When that perfect piece of property has a river (or a stream) running through it, the landowner must obtain an environmental permit before development can begin. Even standard development activities, such as the installation of storm pipe, waterlines, and roadway construction, oftentimes require an environmental permit. While the need to protect our waterways, greenspaces, and natural resources is indisputable, the process to obtain an environmental permit can be lengthy and cost prohibitive. Potential buyers should consider these hurdles before closing any deal.
The Environmental Permitting Process
A land developer is required to have an official with the US Army Corp. of Engineers (“USACE”) inspect a site to ensure that no Waters of the United States (“WOTUS”) are being impacted by the proposed development. If the USACE determines that waterways will be reasonably impacted, then a permit must be obtained from the USACE prior to the commencement of development activities that affect WOTUS. As part of the permitting process, substantial costs in the form of mitigation credits must be purchased from a local mitigation bank to offset the environmental impact of the proposed development. Mitigation credits are used to preserve land in a conservation area. The USACE has sole discretion to determine whether a gully is jurisdictional, and whether mitigation must be purchased to compensate for the proposed impacts. Further complicating things is the time it takes to obtain a USACE permit. Unfortunately, there is no timeline for permitting, and no cap on how much credits can cost.
The Clean Water Act (CWA) governs pollution control and water quality of the nation’s waterways. The CWA provides federal jurisdiction over “navigable waterways” or WOTUS. The USACE regulates the discharge of dredged or fill material into all WOTUS. The CWA does not define navigable waterways; rather, that authority resides with the Environmental Protection Agency (EPA) and the USACE.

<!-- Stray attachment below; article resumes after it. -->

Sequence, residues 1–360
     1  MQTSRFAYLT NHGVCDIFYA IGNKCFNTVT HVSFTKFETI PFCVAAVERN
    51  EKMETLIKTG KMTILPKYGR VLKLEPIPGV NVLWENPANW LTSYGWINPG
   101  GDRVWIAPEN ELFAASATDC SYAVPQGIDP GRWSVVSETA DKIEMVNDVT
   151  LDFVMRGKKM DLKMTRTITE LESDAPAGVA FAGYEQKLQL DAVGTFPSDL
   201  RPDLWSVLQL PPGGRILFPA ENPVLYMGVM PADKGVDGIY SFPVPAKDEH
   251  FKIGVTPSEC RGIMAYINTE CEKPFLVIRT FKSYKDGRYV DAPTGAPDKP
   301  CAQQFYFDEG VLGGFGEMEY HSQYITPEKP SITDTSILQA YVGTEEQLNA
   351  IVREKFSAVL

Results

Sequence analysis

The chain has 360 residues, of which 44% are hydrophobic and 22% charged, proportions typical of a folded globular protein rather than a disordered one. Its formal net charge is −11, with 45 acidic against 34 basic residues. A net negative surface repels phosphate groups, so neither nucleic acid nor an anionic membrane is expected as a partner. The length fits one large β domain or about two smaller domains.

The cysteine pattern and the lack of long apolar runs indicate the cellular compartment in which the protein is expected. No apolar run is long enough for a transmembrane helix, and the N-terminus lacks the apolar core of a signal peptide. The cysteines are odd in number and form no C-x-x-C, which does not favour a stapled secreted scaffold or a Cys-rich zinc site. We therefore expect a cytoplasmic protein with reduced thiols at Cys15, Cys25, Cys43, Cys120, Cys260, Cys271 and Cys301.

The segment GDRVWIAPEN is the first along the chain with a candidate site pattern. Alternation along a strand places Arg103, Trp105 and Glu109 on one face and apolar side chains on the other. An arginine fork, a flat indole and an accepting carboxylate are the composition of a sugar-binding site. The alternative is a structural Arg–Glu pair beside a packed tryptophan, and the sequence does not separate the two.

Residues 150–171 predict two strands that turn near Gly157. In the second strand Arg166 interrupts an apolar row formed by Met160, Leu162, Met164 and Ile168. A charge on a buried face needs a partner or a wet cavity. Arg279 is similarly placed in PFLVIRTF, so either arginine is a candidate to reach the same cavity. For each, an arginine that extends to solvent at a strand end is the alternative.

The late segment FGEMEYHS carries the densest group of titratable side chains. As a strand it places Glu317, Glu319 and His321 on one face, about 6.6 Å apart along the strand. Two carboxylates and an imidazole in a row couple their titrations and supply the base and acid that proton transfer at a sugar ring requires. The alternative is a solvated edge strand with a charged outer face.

The definition of navigable waterways has been altered over the decades. On several occasions, the Supreme Court explored the term WOTUS without clarifying the definition. As a result, the phrase “significant nexus”, used in the Court’s 2006 ruling in Rapanos v. United States, has become the de facto standard by which determinations were made. For
the decade to follow, the USACE’s position was that a water or wetland must possess a “significant nexus” to waters that are or were navigable. Each USACE field office uses its own determination of “significant nexus” leading to inconsistency. For example, a stream classified as jurisdictional by one field office may not be classified as jurisdictional by another field office.
WOTUS Classifications and Recent Changes
As it pertains to streams, the USACE categorizes navigable waterways as perennial, intermittent, or ephemeral. A perennial stream is a stream that has flowing water year-round during a typical year. An intermittent stream is a stream that carries water most of the time, but that ceases to flow occasionally or seasonally. An ephemeral stream is a stream that flows only briefly during and following a period of rainfall in the immediate vicinity.
A point of contention has revolved around the USACE’s assertion that ephemeral streams are defined as WOTUS. Indeed, under the Trump administration, the “significant nexus” standard was abandoned in favor of a rule that narrowed navigable waterways to perennial and intermittent streams, and the core tributary systems that provide flow into them. The final rule clearly defined that ephemeral streams, swales, gullies, rills, and pools were not WOTUS.
The Biden Administration has reverted to the pre-Trump era of “significant nexus” to determine whether ephemeral streams and wetlands adjacent to more traditional navigable waterways are jurisdictional. The Supreme Court may, once again, have the final say with its expected ruling this year in Sackett v. EPA, a case which centers on the question of how regulators should define WOTUS. Depending on the outcome of that case, the Biden Administration’s latest actions may be altogether moot. Regardless, for any near-term projects potentially impacting jurisdictional streams or wetlands, it’s worth staying tuned to the anticipated showdown between the Supreme Court and the Biden Administration over jurisdictional determinations.